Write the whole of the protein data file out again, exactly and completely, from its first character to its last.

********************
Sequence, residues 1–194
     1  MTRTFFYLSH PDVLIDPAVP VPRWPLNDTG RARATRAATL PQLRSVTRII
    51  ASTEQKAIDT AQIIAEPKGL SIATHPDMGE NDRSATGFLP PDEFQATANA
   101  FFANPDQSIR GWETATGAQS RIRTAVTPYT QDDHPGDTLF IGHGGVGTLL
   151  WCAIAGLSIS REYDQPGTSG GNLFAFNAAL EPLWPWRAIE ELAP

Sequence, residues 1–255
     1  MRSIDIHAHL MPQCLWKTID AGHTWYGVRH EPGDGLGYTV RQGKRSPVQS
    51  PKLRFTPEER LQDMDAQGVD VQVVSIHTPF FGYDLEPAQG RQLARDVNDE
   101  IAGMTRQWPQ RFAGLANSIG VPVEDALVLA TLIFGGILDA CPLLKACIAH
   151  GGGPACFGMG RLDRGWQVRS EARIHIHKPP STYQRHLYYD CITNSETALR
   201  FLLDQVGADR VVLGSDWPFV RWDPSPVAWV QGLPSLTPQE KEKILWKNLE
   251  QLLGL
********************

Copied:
Sequence, residues 1–194
     1  MTRTFFYLSH PDVLIDPAVP VPRWPLNDTG RARATRAATL PQLRSVTRII
    51  ASTEQKAIDT AQIIAEPKGL SIATHPDMGE NDRSATGFLP PDEFQATANA
   101  FFANPDQSIR GWETATGAQS RIRTAVTPYT QDDHPGDTLF IGHGGVGTLL
   151  WCAIAGLSIS REYDQPGTSG GNLFAFNAAL EPLWPWRAIE ELAP

Sequence, residues 1–255
     1  MRSIDIHAHL MPQCLWKTID AGHTWYGVRH EPGDGLGYTV RQGKRSPVQS
    51  PKLRFTPEER LQDMDAQGVD VQVVSIHTPF FGYDLEPAQG RQLARDVNDE
   101  IAGMTRQWPQ RFAGLANSIG VPVEDALVLA TLIFGGILDA CPLLKACIAH
   151  GGGPACFGMG RLDRGWQVRS EARIHIHKPP STYQRHLYYD CITNSETALR
   201  FLLDQVGADR VVLGSDWPFV RWDPSPVAWV QGLPSLTPQE KEKILWKNLE
   251  QLLGL